Community Focus Groups

15 focus groups were held among the six regions of Puerto Rico, NGOs, the diaspora in central Florida, and journalists.

Two Community Focus Groups sessions were held in each of the six designated regions of Puerto Rico, with an additional Focus Group with NGOs. The first round of Focus Groups meetings took place from February 27 to March 5, while the second round of Focus Group meetings took place from April 18-21, 2018. During the Focus Groups meetings, individuals identified unmet needs before, during, and after Hurricane María, and they prioritized and validated goals and recommendations. Altogether, the Community Focus Groups counted with 115 participants in the first set of meetings and 57 in the second round. In the Focus Group with NGOs, approximately 29 participants represented 22 NGOs and 12 participants represented 11 NGOs in the first and second meetings, respectively.

Public Sector Advisory Group

Two sets of meetings were held with high-level officials from key government of Puerto Rico agencies, as well as mayors from rural and urban municipalities representing the island’s main political parties.

ReImagina presented the results of this ample participatory process to a wide array of stakeholders in Puerto Rico, New York, Washington D.C., Connecticut and Massachusetts.

At a Press Conference and a Project Presentation ReImagina presented the ReImagina Reports, which include 97 recommendations for the reconstruction of a resilient Puerto Rico.

On June 20th, the ReImagina Puerto Rico Report and six Sector Reports were released and published on ReImagina Puerto Rico’s website. On that same day, the Commission held a Press Conference during which the Report was presented at great lengths with a particular focus on some of the priority recommendations that spanned across all the Commission’s sectors. On the evening of June 20th, the Commission also held a Project Presentation to which everyone who participated of ReImagina’s efforts was invited and during which they were all presented with the reports’ final results. Both events were held at the Puerto Rico Museum of Contemporary Art (MAC).

Town Hall Meetings were held in five regions across the island to present the results to the general public.

The Commission, supported by various local organizations, led Town Hall Meetings in five regions across the Island during June and August 2018. During these meetings, the Commission presented ReImagina Puerto Rico‚Äôs efforts and the priority recommendations in the Report. The Commission also thanked communities for their involvement and presented ways in which the communities can get more involved in the reconstruction process efforts.‚ÄĮThese meetings took place in the following manner:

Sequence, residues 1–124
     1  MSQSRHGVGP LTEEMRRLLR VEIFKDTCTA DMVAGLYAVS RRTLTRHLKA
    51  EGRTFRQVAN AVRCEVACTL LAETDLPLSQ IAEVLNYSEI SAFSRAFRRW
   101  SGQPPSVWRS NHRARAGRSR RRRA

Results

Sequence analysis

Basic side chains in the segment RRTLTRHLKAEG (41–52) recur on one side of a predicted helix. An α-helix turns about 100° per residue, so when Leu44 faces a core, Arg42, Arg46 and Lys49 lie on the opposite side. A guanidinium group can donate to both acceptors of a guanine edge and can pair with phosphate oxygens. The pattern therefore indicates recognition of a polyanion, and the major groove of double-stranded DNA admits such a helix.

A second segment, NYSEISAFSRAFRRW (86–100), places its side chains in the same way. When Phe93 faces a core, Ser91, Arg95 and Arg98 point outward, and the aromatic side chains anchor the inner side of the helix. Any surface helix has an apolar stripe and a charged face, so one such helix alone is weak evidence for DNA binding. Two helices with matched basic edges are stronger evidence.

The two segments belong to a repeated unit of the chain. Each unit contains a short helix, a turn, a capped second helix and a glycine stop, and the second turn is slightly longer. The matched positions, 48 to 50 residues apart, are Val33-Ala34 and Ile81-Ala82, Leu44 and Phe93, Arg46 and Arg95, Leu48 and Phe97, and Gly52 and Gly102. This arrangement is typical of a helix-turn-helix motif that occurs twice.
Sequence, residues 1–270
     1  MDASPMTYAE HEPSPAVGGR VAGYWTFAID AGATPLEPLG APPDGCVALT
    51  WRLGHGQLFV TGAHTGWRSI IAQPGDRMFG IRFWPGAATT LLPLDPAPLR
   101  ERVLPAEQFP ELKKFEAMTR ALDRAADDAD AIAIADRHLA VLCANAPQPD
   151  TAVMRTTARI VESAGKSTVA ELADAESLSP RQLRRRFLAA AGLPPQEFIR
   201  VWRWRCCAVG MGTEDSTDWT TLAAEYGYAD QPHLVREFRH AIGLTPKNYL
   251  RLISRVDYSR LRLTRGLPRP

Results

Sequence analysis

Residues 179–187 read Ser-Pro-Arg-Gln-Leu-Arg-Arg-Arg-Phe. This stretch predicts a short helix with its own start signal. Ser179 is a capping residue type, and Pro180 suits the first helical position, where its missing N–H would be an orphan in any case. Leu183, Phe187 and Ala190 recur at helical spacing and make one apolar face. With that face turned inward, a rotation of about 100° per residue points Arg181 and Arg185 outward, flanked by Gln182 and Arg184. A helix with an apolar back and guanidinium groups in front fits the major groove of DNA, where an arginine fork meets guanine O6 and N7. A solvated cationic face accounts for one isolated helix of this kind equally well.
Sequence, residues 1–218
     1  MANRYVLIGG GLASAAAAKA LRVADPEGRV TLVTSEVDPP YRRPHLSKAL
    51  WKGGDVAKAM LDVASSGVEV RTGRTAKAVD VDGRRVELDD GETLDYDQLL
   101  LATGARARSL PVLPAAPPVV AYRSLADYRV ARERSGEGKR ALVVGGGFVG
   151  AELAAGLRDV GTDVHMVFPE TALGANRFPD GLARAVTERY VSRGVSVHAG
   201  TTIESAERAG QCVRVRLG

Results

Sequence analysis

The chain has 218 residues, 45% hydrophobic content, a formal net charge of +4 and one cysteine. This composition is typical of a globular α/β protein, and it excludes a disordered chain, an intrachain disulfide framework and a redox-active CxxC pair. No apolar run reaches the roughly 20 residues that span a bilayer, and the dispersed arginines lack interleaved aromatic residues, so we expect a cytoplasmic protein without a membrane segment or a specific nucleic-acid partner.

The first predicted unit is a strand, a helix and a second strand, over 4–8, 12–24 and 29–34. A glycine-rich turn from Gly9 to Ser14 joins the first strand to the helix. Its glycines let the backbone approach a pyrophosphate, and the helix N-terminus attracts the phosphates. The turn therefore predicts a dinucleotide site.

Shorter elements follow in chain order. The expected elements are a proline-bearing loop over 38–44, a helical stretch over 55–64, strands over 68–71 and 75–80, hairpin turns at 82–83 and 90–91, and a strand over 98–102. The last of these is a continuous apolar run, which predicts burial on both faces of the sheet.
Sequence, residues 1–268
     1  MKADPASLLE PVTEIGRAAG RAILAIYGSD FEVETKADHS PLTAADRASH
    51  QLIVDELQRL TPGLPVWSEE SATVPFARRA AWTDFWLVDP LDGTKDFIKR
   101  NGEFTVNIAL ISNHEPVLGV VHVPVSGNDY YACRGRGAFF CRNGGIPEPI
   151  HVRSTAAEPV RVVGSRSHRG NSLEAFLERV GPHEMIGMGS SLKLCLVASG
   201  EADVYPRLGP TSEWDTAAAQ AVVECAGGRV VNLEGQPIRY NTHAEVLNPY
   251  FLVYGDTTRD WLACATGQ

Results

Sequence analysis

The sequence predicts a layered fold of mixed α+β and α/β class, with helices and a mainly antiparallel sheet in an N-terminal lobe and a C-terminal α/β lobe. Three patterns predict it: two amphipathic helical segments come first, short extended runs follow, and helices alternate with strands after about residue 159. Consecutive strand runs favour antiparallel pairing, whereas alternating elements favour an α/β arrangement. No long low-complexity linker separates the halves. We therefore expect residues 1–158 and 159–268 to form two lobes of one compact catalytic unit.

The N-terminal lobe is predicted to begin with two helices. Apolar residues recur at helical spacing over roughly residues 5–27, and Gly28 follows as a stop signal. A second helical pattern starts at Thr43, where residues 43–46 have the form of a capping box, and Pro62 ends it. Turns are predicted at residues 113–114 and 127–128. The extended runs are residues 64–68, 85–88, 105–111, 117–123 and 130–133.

• San Juan at‚ÄĮUniversidad Sagrado Coraz√≥n‚ÄĮon June 26, 2018
  • Mayag√ľez at‚ÄĮUPR Mayag√ľez‚ÄĮon August 14, 2018
  • Ponce at‚ÄĮUniversidad Interamericana, Recinto Ponce‚ÄĮon August 16, 2018
  • Humacao at‚ÄĮUPR Humacao‚ÄĮon August 21, 2018
  • Cayey at‚ÄĮUPR Cayey‚ÄĮon August 23, 2018

Presentations to the Diaspora were held in Hartford, CT, Holyoke, MA and Boston, MA, and at the Puerto Rican Diaspora Summit in Washington, D.C.

The ReImagina Reports were presented to local and federal government officials, congressional staff, and senators in NY and in Washington, D.C.

Following the publication of the ReImagina Puerto Rico Report, ReImagina presented the project in Washington, D.C. with the main objectives of (1) promoting the project throughout Congress and federal agencies responsible for the reconstruction of Puerto Rico, and (2) establishing ReImagina as a viable resource in Puerto Rico. The ReImagina team briefed reporters, congressional staff, federal agency personnel, and Senators on the report’s 97 specific recommendations. While in Washington, D.C. ReImagina met with federal officials at the Office of Management and Budget, the Department of Housing and Urban Development, the Federal Communications Commission (FCC), and the congressional offices of Congresswoman Nydia Velazquez (NY-7), Resident Commissioner Jennifer Gonzalez (PR), Senator Dick Durbin (IL), Senator Marco Rubio (FL), Senator Bob Menéndez (NJ), Senator Susan Collins (ME), Senator Lisa Murkowski (AK) and Senator Bill Nelson (FL). Shortly afterward, ReImagina also presented the project at a convening in New York for philanthropy and organizations interested in the recovery work taking place in Puerto Rico.

Reconstruction Process Working Group

A Reconstruction Implementation Process Working Group composed of representatives from the private sector and NGOs with experience, knowledge and diverse backgrounds developed Specific Recommendations for the Reconstruction Process of Puerto Rico, a guide for government entities making decisions on the reconstruction of Puerto Rico. The guide was developed particularly to help the Central Office of Recovery, Reconstruction and Resilience (COR3) and the Puerto Rico Department of Housing focus on key reforms.